The revelation 426 has an Air U-turn travel adjust, which requires winding down around 6.5 turns to get from 140 to 100mm. Of the five forks, we adjusted the travel on the Revelation the least because it took so long to do. We consider the U-turn as a way of balancing front and rear travel rather than a climbing aid. Ideally, we would like to see this fork get
a sort of positional travel adjust like a Two Step.
While things are about to change for 2010 the current Revelation is a little bit weighty but has a solid and stiff chassis. It gets the same lowers as the Pike, a forged crown, lightweight aluminium steerer tube and a 20mm thru axle for greater stiffness. SRAM fits a Maxle Lite to the Revelation but the 60g weight saving over a standard Maxle is somewhat irrelevant on a fork that weighs the best part of 4.5lb. Recommended air spring settings printed on the back of the fork leg and gradients on the stanchions make setting sag simple. The Dual Air spring is very comfortable and has lots of grip but we do feel as if we’re being supported by the spring rather than the damper.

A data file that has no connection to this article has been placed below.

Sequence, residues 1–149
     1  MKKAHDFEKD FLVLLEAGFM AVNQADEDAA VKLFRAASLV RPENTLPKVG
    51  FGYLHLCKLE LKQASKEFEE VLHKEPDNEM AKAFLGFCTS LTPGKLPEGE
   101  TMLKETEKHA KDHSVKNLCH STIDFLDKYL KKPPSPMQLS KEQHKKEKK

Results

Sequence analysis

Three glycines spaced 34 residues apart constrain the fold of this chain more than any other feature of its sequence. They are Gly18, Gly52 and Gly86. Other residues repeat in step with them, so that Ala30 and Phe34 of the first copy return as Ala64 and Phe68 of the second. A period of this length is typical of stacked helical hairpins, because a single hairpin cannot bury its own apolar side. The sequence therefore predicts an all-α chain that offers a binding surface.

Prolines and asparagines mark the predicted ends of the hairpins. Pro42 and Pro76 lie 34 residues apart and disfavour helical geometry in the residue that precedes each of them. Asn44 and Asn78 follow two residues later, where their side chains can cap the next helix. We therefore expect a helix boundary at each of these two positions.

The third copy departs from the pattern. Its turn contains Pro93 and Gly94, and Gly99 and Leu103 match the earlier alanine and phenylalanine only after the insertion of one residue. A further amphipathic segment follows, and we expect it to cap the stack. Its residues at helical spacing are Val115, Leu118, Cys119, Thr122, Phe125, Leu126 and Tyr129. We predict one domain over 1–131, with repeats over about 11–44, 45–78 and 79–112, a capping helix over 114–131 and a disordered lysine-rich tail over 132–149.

There’s a precise point where the rebound felt right — too much and the fork packed down, too little and it skipped over bumps, losing grip. Compared to the Fox it also feels harsher on armoured trail centre singletrack but the extra stiffness of the bigger axle does boost steering precision.
We have a couple of little niggles: the rebound dial rattles in the bottom of the leg, there’s no dedicated hose guide and it still gets an older IS disc mount. It’s heavy but the reason it’s on a rung below the TALAS is because it has the least usable travel adjust and was less convincing when we really started to push it.
Mbr rating: 8